Construction director gets 11-year ban for COVID-19 loan abuse

The director of a construction company, who abused a COVID-19 loan, has been given an 11-year ban from running a business.

Lavinia-Larisa Mociar, aged 31, was the sole director of L&M Construct Ltd, based in Harrow, London.

Mociar, who is originally from Romania, set up the business in 2018.

In 2020, when the pandemic struck, the government set up the Bounce Back loan scheme, which enabled struggling businesses to apply for loans to continue operating.

Using this scheme, Mociar claimed £50,000 towards her business, which was deposited to the company’s bank account in October 2020.

However, investigators from the Insolvency Service – the government arm that deals with financial support and tackles financial wrongdoing – discovered that Mociar had abused the loan.

Firms that made claims needed to be actively trading in 2020, according to the rules of the scheme. However, L&M Construct Ltd had ceased to trade one year before Mociar claimed the funds.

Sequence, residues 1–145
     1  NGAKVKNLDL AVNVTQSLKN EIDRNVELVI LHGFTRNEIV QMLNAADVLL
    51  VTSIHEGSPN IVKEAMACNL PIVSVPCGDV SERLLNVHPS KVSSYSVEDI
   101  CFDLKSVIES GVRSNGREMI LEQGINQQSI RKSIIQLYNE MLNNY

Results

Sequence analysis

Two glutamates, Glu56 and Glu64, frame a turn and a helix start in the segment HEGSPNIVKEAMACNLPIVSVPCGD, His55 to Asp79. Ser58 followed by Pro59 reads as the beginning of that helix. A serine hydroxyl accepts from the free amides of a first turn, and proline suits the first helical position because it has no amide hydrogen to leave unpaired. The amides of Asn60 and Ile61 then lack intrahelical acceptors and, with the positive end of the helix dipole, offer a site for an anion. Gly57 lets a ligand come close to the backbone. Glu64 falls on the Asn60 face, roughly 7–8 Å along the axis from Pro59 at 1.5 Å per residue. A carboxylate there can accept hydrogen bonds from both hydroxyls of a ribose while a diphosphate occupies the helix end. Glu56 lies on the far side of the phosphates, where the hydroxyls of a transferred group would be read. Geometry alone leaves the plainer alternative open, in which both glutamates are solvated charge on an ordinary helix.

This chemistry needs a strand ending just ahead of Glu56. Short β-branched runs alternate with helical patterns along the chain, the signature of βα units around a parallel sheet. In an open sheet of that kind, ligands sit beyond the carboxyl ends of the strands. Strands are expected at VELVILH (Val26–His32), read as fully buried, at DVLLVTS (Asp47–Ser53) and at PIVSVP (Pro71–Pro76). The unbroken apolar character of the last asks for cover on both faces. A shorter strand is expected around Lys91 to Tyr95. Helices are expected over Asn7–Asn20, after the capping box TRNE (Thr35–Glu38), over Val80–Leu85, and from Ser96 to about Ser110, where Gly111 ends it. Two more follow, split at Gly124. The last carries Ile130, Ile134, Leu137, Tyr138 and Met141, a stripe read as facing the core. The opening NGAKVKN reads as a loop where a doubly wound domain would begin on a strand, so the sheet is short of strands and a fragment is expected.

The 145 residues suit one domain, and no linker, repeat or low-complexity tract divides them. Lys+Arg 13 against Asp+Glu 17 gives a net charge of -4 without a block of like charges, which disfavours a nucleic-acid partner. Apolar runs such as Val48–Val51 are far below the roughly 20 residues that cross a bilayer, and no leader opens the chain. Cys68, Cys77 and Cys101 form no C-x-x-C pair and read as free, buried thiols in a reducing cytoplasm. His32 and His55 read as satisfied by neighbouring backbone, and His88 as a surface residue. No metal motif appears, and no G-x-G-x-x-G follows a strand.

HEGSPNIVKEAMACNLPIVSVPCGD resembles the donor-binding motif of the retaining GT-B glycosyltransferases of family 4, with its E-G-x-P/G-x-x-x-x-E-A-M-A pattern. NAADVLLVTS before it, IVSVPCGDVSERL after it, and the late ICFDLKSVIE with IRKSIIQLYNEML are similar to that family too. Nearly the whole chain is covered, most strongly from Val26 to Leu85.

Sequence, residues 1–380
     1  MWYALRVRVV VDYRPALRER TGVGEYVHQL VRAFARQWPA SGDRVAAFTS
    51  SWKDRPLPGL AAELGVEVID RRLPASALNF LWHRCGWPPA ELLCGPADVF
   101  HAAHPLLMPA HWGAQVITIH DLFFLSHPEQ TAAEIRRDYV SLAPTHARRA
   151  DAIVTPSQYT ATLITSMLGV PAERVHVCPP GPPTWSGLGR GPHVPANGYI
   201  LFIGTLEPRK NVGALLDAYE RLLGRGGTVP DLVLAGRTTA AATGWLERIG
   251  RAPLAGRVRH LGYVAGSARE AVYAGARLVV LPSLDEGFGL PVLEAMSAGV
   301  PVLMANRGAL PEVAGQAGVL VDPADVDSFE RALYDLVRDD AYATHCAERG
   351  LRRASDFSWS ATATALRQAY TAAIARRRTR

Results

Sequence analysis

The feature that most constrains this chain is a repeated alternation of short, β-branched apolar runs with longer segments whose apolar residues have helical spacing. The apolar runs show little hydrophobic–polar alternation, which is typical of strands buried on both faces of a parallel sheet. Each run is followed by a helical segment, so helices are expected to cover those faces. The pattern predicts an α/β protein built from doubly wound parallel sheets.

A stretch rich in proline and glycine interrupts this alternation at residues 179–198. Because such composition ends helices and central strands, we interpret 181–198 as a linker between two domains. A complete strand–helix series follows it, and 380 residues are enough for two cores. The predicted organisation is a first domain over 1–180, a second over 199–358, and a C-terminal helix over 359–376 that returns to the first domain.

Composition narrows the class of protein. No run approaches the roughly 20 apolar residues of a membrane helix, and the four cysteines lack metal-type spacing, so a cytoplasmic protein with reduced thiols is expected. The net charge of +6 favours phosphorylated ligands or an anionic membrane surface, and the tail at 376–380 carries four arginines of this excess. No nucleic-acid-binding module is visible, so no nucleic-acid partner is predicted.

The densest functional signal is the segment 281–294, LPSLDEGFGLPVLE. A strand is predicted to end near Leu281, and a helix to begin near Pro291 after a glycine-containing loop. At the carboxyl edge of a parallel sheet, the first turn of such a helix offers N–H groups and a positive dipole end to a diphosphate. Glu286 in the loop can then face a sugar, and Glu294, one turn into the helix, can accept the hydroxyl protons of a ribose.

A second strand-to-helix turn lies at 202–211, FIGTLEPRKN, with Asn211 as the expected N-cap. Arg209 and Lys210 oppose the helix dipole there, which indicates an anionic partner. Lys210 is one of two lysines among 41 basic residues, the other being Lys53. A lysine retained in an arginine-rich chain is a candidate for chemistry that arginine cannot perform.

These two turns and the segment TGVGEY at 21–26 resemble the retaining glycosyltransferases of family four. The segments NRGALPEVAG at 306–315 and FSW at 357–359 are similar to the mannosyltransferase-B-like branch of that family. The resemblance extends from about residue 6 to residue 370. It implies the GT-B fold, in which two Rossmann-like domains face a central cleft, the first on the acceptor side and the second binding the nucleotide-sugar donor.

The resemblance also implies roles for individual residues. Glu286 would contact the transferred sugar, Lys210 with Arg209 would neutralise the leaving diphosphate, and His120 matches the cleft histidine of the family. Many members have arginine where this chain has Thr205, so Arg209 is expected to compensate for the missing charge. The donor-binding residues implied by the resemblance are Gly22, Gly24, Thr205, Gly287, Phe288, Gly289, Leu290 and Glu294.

Mociar also exaggerated the turnover of the construction company in her application, the investigators found.

This meant that the company wrongly received the maximum amount of £50,000 from the government. It was also found that there was just £50 in the company account before this money came in.

In a further abuse of the scheme, the Insolvency Service said that Mociar withdrew more than £50,000 from the account at the end of 2020, which implied that the funds were not going towards business activities.

Companies House filings show that on 24 November 2021, Bhardwaj Limited’s Ashok Bhardwaj was appointed voluntary liquidator over L&M Construct Ltd.

The statement from the Insolvency Service said that the company dipped into liquidation owing £50,000, including the full value of the loan.

Mociar’s disqualification began on 8 November 2022, and she will be banned from  directly, or indirectly, becoming involved in the promotion, formation or management of a company, without the permission of the court.

Insolvency Service assistant director of investigation and enforcement services Tom Phillips said: “The lengthy disqualifications should serve as a reminder to others that the Insolvency Service will not shirk from its responsibility in taking action in order to protect the public and the taxpayer.”

Mociar could not be reached for comment.

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